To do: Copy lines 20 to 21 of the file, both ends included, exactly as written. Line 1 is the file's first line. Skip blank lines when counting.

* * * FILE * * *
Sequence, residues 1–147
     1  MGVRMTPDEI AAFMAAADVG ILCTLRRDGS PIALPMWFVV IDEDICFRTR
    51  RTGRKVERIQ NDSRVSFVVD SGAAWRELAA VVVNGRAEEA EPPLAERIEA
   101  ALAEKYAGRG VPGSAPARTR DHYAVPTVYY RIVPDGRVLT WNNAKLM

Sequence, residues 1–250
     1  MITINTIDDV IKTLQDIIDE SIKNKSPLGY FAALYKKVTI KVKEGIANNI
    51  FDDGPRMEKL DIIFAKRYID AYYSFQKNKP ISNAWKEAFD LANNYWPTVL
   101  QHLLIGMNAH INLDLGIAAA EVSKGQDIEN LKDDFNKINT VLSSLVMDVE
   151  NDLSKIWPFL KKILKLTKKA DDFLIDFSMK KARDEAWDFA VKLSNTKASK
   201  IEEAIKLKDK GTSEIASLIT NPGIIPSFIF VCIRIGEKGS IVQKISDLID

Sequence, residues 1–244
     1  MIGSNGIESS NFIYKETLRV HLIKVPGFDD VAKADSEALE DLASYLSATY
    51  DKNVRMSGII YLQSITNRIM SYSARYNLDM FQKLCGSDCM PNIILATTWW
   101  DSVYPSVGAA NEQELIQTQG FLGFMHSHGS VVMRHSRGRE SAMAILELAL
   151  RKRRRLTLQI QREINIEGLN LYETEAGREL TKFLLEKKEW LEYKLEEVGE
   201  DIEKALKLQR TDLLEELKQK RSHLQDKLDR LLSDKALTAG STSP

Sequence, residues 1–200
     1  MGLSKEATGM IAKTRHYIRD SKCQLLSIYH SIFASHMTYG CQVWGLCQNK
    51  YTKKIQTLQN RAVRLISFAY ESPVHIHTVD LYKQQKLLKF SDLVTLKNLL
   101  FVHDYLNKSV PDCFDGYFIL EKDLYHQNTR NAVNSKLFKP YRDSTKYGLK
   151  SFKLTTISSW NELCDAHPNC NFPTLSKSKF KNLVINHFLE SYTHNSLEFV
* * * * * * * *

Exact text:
   101  FVHDYLNKSV PDCFDGYFIL EKDLYHQNTR NAVNSKLFKP YRDSTKYGLK
   151  SFKLTTISSW NELCDAHPNC NFPTLSKSKF KNLVINHFLE SYTHNSLEFV